Isidore of Seville cover

photo credits: Wikimedia Commons

Isidore of Seville

bishop, confessor and doctor of the Catholic Church

559   -   636

country of citizenship: Kingdom of Toledo
language of expression: Latin, Spanish
occupation: writer, musicologist, philosopher, music theorist, cleric, Catholic priest, historian, bishop
position held: Metropolitan Archbishop of Seville, Catholic bishop, Catholic archbishop

Ebooks: on Wikisource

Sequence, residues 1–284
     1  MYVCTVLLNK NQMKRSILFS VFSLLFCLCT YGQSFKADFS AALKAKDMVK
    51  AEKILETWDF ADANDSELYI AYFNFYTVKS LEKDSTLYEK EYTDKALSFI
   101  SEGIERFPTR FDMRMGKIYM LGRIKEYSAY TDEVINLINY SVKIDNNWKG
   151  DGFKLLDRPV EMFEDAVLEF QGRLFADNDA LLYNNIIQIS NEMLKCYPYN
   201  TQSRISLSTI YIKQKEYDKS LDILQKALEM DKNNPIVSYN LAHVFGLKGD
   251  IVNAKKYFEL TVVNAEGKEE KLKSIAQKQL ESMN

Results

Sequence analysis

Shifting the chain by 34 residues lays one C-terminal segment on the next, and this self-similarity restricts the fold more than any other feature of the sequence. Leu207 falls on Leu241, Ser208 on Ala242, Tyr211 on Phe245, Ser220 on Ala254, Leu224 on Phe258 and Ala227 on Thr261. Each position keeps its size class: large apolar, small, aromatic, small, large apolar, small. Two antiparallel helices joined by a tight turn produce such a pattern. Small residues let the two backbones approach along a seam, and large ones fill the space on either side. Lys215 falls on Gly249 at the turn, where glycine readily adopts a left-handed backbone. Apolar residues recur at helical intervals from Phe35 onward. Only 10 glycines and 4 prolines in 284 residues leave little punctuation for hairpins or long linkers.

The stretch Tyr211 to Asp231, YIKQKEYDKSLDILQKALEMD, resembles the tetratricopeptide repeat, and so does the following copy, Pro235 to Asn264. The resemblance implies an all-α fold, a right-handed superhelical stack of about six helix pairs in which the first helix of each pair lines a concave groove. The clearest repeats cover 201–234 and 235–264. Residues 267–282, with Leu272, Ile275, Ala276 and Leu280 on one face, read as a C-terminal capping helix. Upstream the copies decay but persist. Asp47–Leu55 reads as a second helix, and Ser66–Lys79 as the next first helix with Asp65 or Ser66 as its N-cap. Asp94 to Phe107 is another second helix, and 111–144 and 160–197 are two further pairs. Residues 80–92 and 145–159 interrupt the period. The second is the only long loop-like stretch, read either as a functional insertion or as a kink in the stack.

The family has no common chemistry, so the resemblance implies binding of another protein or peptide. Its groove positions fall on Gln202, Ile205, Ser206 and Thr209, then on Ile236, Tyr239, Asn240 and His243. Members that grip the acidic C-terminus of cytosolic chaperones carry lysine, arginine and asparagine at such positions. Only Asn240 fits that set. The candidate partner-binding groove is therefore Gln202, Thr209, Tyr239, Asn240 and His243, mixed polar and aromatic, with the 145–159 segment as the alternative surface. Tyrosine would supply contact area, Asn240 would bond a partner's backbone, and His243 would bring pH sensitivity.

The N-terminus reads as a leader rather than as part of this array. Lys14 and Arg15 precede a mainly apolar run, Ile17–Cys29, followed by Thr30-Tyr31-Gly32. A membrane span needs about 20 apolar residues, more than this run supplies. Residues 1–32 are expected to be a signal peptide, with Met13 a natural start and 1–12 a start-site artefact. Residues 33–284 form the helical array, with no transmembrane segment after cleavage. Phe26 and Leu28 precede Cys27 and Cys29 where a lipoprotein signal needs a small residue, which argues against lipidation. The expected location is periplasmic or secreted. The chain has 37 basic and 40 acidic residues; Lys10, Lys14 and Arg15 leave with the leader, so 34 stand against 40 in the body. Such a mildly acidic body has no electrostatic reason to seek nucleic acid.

Isidore of Seville (; Latin: Isidorus Hispalensis; c. 560 – 4 April 636) was a Spanish scholar and cleric. For over three decades, he was Archbishop of Seville. He is widely regarded, in the words of 19th-century historian Montalembert, as "the last scholar of the ancient world".At a time of disintegration of classical culture, aristocratic violence and widespread illiteracy, Isidore was involved in the conversion of the Arian Visigothic kings to Catholicism, both assisting his brother Leander of Seville and continuing after his brother's death. He was influential in the inner circle of Sisebut, Visigothic king of Hispania. Like Leander, he played a prominent role in the Councils of Toledo and Seville. The Visigothic legislation that resulted from these councils influenced the beginnings of representative government.His fame after his death was based on his Etymologiae, an etymological encyclopedia that assembled extracts of many books from classical antiquity that would have otherwise been lost. He also invented the period (full stop), comma, and colon.
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